If you’re a landlord?
Landlords who own the property are responsible for removing any fallen trees. But as we mentioned above, if the renter did something to make the tree fall, you could hold them liable for the costs of removal.
Property managers who manage but do not own the property will need to speak with the owner. Ultimately, they are responsible for the costs but they may ask for your help in arranging removal. That really depends on your job description and the scope of your duties.
If you’re a neighbor?
Nothing is more stressful than a neighborhood argument over trees. If the fallen tree’s trunk grew entirely in your neighbor’s yard, they are responsible for removal. This is true even if the tree landed in your yard. Hopefully, they will remove it in a timely manner. If it’s right after a storm and the tree didn’t fall on a structure, power lines, or roadway, please try to be patient. We receive a lot of service requests after a storm, and we prioritize those that are safety hazards.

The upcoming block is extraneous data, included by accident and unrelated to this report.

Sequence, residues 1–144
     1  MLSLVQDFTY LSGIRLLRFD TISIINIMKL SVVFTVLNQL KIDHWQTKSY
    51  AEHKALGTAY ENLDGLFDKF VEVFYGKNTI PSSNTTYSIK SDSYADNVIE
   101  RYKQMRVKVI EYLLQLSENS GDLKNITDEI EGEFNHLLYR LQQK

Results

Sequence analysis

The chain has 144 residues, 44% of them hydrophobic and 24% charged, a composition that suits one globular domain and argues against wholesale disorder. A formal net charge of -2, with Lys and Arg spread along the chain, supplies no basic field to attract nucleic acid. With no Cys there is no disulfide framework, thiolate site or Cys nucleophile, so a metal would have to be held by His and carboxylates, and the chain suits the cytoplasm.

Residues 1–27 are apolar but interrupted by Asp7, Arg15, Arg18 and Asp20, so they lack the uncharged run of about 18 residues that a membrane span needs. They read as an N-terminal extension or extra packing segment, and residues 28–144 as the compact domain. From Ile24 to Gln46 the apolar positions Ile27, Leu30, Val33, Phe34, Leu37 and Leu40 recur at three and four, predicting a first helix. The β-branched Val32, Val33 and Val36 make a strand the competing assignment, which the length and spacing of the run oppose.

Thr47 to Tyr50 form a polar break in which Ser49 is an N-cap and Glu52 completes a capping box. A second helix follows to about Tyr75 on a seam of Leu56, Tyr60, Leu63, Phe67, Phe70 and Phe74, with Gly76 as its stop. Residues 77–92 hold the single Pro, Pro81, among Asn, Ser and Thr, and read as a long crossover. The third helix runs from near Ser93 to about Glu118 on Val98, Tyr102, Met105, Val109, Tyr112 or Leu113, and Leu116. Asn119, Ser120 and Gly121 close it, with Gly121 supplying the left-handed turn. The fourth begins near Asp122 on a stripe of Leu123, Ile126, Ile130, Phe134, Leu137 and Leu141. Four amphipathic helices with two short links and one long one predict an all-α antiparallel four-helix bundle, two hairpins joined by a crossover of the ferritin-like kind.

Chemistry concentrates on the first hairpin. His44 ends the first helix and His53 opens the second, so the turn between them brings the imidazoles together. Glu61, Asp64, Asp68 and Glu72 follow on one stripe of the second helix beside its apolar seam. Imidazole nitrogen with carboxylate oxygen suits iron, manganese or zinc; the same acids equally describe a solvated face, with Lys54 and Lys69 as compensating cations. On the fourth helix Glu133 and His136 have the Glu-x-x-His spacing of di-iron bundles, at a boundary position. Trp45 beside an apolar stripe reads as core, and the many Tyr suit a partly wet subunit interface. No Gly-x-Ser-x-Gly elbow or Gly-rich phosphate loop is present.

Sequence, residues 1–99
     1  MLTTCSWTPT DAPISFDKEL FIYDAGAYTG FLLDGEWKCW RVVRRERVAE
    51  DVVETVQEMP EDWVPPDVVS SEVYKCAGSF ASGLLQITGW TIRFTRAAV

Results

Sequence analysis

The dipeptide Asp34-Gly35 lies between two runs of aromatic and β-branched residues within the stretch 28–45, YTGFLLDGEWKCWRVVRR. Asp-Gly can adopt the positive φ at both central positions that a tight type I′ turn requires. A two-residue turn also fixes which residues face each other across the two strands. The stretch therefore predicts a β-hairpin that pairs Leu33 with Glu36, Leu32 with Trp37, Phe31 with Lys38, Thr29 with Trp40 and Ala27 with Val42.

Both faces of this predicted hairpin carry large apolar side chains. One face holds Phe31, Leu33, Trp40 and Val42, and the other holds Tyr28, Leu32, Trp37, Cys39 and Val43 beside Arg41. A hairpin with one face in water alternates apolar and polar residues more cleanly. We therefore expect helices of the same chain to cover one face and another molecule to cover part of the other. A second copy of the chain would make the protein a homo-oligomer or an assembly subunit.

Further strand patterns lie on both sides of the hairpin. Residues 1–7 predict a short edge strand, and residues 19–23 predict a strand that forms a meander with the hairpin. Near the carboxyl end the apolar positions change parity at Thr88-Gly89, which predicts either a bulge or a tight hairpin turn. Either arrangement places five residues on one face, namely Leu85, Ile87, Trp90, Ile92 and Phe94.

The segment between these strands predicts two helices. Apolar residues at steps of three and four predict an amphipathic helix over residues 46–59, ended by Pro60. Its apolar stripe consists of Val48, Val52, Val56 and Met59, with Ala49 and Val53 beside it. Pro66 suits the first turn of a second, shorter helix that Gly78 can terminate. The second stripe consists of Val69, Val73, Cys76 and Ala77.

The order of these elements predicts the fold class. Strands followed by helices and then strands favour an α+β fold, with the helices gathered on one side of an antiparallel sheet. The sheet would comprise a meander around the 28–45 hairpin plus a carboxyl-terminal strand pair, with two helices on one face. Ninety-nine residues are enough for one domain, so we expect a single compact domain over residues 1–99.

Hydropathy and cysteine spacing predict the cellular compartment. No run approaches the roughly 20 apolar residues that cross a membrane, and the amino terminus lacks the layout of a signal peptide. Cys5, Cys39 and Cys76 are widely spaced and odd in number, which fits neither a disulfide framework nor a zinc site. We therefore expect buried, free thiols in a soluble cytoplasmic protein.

How Does the Soil Affect Trees in Auburn?
The U.S. Department of Agriculture (USDA) conducted a soil survey of southern Worcester County. This survey notes that prior to settlement, the Auburn area was completely covered in forests. Most of the soil here is perfect for trees!
There are a number of lakes and streams within the city limits. Trees in these wetland areas play an important role in erosion prevention and should be preserved whenever possible.
Does Weather Affect Tree Health in Auburn?
The USDA has assigned “plant hardiness zones” to the entire country. These zones are based on what an area’s average minimum winter temperature is. Auburn is in USDA Plant Hardiness Zone 5b. This means that winter temperatures could dip as low as -10 to -15 degrees Fahrenheit. Daytime summer temperatures are usually in the 70s and do not go much higher than 80. Any trees planted in Auburn must be suited to these temperatures.
Tornadoes and severe thunderstorms are always a possibility in the spring, summer, and early fall. If winds are strong enough, trees can sustain damage and even be uprooted. Hailstorms can harm small and young trees.
What If Dead Trees Are Near Power Lines in Auburn?